To paraphrase Mark Twain, the reports of the demise of Auburn football have been exaggerated. Despite the decay visible at College and Magnolia, a vital and vibrant heart beats still in the loveliest village on the Plains. A recitation of the tribulations that the Auburn faithful have recently endured is unnecessary; suffice it to say that there was a growing unease amongst all but the most blindly loyal members of the Auburn family about the current state, and future, of the Auburn football program.
Frankly, though, this diversion to which we devote so much time and passion is relatively unimportant. In a year that saw natural disasters and man-made calamity drastically alter the lives of so many of our fellow Americans the successes and failures of a football program seem rather petty. We can recognize this perspective and still embrace the Auburn football program for what it embodies; including, in part: the spirit that is not afraid. In times of trial, we humans naturally seek out our brethren for support and succor. This interdependence is exactly how the Auburn family made it through the past twelve months to find ourselves not only surviving, but thriving as the Gus Malzahn era begins in earnest.
Raise your hand if you could foresee in November, while suffering humiliating defeat after humiliating defeat at the hands of our fiercest rivals, closing the books on national signing day with a sense of pride, satisfaction and hope. If your hand is up, you are a rare soothsayer with a bright future in late-night infomercial stardom. The hiring of Gus Malzahn in December, heralded by some but decried by many more, did little to heal a fan base divided. His lack of experience as the captain of a premier college football program was going to be the nail in the coffin that Gene Chizik had prepared for Auburn football’s interment. Malzahn’s brief tenure in big time college football meant that he could not possibly assemble a staff of any but the greenest of college football coaching wannabes.
The problem with predicting Gus Malzahn’s next move, be it play call or assistant coach hire, is that he’s probably three moves (and almost certainly three cups of coffee) ahead of the predictor. Malzahn knew the challenges, the roster and, perhaps most importantly, the culture of the Auburn football program when he accepted the position. He was prepared to hire coaches with schemes that complemented his own and, more importantly, were familiar with the SEC and Auburn.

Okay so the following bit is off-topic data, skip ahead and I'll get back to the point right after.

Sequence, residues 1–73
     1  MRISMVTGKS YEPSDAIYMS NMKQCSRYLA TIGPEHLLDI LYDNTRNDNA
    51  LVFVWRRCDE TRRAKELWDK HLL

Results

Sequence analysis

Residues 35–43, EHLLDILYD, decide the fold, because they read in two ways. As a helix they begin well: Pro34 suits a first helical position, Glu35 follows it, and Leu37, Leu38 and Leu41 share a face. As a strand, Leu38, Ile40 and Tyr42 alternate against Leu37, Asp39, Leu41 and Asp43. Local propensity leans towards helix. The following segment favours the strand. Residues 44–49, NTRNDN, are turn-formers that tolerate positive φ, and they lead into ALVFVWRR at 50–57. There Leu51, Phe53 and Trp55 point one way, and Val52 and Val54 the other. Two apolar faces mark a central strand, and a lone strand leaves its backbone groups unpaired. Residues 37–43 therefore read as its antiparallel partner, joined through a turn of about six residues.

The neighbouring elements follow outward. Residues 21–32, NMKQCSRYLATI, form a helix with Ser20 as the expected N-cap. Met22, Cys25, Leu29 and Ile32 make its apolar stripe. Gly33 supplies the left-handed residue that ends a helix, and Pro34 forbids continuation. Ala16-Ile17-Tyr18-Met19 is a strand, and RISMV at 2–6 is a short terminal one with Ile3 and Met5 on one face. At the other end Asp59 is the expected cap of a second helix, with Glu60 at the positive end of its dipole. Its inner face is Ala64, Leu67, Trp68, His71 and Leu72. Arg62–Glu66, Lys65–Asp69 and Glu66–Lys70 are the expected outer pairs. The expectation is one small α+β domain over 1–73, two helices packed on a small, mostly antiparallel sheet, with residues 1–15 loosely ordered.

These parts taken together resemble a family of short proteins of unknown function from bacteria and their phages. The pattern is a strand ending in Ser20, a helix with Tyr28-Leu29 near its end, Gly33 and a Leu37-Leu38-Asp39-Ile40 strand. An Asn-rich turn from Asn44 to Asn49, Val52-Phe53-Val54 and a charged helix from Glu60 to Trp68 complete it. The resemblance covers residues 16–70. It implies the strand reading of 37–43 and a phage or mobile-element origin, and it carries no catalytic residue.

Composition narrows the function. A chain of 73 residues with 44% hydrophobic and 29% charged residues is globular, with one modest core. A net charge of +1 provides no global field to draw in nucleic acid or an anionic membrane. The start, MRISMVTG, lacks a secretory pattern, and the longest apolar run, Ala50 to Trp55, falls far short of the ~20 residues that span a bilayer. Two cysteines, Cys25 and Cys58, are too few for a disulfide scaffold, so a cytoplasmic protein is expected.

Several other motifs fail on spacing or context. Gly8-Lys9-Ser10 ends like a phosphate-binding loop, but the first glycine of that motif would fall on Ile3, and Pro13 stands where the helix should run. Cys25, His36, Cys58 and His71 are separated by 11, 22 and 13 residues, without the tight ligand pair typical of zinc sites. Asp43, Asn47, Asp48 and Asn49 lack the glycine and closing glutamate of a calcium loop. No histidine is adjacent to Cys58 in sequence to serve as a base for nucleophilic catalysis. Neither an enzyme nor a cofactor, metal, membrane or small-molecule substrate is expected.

So it was, in the hyper-competitive world of SEC football (6 of ESPN’s top 10 recruiting classes were SEC teams…and 10 of the top 25), that Auburn, the most unlikely of candidates for a successful recruiting class, closed the books on February 6, 2013, with the #11 recruiting class in the nation. Give credit to the coaches: former AU quarterback Dameyune Craig, former AU lineman Rodney Garner, SEC stalwart Ellis Johnson, Charlie Harbison, Melvin Smith, Tim Horton, Rhett Lashlee, JB Grimes and Rich Bisaccia.
The coaches deserve high praise for the results of the recruiting blitz in which they participated. It is no small feat to have such success in just over one month’s time. It would be a mistake, however, to fail to credit the players. It was the recruits that were able to see through the temporary struggles of the Chizik regime and recognize the value of participating in the Auburn football program and, more importantly, receiving an education at Auburn University. A great many of the players who signed letters of intent to play football at Auburn could have chosen any school in the land: Carl Lawson, Montravious Adams, Elijah Daniel, Tony Stevens, Jason Smith, Jeremy Johnson, Jonathan Ford, Nick Marshall, Ben Bradley. These are not players with whom Auburn was forced to settle on the heels of a 3-9 campaign and wholesale change to the coaching staff. These are players that most top football programs in the nation coveted and courted.
There are notable players who chose not to be a part of the Auburn family. Such is recruiting: you win some and you lose some. The players who chose to play elsewhere will, hopefully, receive a quality education and have success in life (though the goodwill wished to those young men will be briefly withheld if they should step on the field in opposition to the Auburn Tigers). Their reasons for going elsewhere are their own and Auburn will be great with or without them.
More importantly, Auburn will be great with or without success on the recruiting trail, on the football field, or in the eyes of the sports media. We Auburn faithful will cheer mightily for our Tigers to conquer on the gridiron, and there is reason for much hope in the early hours of the Malzahn regime, but ultimately we Auburn faithful will cheer much more vigorously for our brethren’s success in life. Welcome to the family, young men, we have high hopes for you…and we hope you win a few football games as well.